I am frequently asked to give talks to area congregations about the work of Interfaith Action of Central Texas. When I do so, I almost always talk about our work with international refugees. Invariably, I see some confused looks on the faces of my audience.
It is clear to me that many people don’t understand what is meant by the term, “refugee.” Some immediately associate refugees with immigrants, particularly undocumented or “illegal” immigrants, and they seem upset or concerned. Others are simply confused:
“How do those people get here?”
“Where are they coming from?”
I try to answer their questions and concerns as directly, and simply, as possible. I tell them that no one chooses to become a refugee, that these are individuals who were forced from their homes by persecution and violence. Many fled out their back doors while their front doors were being kicked in.
I explain that refugees come from nearly every corner of the globe — particularly those regions torn apart by ethnic and religious warfare.
When addressing the question about how refugees arrive here in Austin, I always point out that only a tiny percentage of refugees around the world ever make it out of refugee camps, and those who do have had to prove they are worthy of being “officially sanctioned” refugees. These select few are brought to the U.S. and other nations by relief agencies and our own government.
I also inform people that refugees in the United States are expected to become self-sufficient in a matter of just a few months regardless of whatever trauma and disorientation they might have.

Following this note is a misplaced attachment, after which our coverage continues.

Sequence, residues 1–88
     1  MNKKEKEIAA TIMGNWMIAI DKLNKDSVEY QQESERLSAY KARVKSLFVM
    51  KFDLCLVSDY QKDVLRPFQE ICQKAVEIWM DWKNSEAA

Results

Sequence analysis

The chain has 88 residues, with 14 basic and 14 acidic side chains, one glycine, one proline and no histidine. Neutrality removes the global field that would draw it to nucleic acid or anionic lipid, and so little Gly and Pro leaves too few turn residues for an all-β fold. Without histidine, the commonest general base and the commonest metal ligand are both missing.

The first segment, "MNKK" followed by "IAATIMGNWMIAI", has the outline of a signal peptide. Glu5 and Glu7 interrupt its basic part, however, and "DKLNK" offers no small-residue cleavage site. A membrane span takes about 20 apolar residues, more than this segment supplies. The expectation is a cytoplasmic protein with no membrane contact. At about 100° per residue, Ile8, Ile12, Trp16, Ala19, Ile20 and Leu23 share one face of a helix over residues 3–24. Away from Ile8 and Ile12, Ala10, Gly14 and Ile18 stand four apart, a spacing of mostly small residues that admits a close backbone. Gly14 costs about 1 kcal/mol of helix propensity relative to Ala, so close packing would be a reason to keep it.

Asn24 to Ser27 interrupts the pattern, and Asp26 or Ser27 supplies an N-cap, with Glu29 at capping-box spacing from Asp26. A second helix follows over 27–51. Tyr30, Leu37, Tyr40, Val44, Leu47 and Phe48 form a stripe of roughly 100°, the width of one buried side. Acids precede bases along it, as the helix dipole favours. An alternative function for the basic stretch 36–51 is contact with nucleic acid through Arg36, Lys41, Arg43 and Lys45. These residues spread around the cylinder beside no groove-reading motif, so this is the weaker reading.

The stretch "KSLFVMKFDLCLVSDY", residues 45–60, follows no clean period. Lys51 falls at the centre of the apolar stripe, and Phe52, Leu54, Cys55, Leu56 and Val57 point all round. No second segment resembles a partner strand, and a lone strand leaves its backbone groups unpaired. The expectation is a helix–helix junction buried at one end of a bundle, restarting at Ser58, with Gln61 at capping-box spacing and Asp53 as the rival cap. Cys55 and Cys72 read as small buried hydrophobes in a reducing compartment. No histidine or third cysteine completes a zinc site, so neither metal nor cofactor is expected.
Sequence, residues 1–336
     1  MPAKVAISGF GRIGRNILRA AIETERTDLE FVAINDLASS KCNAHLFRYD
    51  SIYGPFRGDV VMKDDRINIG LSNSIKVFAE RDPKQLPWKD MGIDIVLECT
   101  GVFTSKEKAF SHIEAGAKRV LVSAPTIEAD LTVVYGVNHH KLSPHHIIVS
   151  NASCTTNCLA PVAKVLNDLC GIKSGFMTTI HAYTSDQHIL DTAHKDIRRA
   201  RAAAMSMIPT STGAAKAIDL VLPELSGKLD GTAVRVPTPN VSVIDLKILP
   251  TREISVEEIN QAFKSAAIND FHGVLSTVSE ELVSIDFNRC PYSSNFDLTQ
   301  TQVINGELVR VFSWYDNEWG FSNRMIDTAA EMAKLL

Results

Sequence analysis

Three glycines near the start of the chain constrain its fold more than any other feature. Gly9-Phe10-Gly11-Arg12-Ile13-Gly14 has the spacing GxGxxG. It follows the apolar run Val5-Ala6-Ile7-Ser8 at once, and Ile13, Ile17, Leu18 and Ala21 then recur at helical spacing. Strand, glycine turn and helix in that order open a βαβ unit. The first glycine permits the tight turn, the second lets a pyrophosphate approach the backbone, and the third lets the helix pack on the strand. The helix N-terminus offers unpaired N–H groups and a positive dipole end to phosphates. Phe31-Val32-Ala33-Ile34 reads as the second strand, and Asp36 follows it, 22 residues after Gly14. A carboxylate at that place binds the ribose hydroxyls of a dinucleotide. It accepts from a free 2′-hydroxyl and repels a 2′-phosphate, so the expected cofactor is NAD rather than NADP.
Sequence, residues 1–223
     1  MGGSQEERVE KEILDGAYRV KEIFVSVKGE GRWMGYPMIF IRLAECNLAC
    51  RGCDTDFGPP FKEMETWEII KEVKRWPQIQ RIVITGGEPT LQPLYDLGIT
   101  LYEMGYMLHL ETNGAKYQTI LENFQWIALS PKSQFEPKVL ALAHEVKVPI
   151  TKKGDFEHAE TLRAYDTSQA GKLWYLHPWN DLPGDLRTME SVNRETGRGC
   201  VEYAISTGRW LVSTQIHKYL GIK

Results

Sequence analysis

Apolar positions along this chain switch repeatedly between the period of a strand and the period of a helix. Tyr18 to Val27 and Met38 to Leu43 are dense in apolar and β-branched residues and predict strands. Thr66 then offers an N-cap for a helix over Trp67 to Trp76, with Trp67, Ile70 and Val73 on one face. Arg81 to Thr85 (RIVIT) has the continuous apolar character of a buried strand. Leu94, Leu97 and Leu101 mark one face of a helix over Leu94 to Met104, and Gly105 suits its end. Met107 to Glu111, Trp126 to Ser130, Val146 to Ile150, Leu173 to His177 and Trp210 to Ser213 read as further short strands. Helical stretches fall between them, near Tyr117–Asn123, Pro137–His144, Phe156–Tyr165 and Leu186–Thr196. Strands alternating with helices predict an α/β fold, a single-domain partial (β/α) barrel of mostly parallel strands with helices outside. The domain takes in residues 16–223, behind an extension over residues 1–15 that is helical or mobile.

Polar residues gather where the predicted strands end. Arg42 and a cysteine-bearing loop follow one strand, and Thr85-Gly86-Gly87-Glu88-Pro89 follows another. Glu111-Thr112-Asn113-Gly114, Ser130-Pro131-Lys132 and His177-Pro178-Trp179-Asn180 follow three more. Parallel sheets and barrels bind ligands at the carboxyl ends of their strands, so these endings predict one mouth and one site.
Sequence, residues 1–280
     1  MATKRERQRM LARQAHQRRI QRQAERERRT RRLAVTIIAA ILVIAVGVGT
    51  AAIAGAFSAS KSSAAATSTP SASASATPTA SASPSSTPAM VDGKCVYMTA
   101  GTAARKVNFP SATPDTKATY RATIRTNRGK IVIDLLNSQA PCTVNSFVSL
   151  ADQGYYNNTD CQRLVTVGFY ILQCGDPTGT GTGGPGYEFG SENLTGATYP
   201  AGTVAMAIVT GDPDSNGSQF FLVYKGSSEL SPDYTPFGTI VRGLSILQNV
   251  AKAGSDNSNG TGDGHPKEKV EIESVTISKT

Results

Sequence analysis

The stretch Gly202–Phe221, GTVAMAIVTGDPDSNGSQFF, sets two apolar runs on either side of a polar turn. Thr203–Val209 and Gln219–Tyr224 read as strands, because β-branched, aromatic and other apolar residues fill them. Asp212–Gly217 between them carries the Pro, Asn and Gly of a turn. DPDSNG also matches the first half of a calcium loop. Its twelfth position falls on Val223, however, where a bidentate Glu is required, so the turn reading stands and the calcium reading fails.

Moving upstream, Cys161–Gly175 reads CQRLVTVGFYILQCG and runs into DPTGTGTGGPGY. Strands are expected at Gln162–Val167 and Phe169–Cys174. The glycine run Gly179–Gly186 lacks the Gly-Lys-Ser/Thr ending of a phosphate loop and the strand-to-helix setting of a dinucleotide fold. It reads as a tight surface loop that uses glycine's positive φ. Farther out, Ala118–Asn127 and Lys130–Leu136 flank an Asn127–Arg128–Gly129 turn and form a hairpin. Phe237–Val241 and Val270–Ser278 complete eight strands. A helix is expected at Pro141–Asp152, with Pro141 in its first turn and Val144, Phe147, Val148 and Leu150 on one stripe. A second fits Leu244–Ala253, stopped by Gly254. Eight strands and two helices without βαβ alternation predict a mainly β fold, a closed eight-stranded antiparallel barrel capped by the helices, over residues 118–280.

Few Austinites realize it, but in recent years our community has become a major resettlement site for international refugees. More than a thousand refugees are arriving in Central Texas every year. Austin has been chosen as a major resettlement site for one simple reason: the availability of entry-level jobs.
IACT runs a year-round school that teaches newly arrived refugees English and provides crucial cultural orientation lessons. We also help prepare their children for Austin public schools.
The good news about refugees is that the vast majority of them succeed in our country and become contributing citizens. They are very motivated individuals and very grateful for the opportunities and safety provided to them here.
Saturday Austin celebrates World Refugee Day, an international event that honors the successes of refugees around the world and informs the rest of us about the challenges all refugees face. In Austin, World Refugee Day will be celebrated at 11:30 a.m.-3 p.m. Bullock Texas State History Museum, 1800 N. Congress Ave. This free event will offer a wide variety of activities for the whole family.
The Austin Refugee Roundtable, which includes agencies, groups and individuals that serve refugees, and the museum will honor the journeys of refugees living in Austin, welcome them to our community and celebrate the rich cultural diversity that they bring.
During a naturalization ceremony, people who originally came to Texas as refugees will be sworn in as U.S. citizens. The ceremony will take place at noon in the Texas Spirit Theater of the museum.
The afternoon will be filled with music, food and fun. The main stage will feature music and dance by refugees and will culminate with interactive drumming. Ongoing activities include face painting and children’s crafts, and an educational area, where participants can learn about the refugee journey, their countries and their cultures.
The Austin Refugee Roundtable is comprised of agencies, community groups and individuals who serve refugees with the aim of making Austin a welcoming and supportive resettlement community.
For more information about the museum and attending this event, visit www.TheStoryofTexas.com.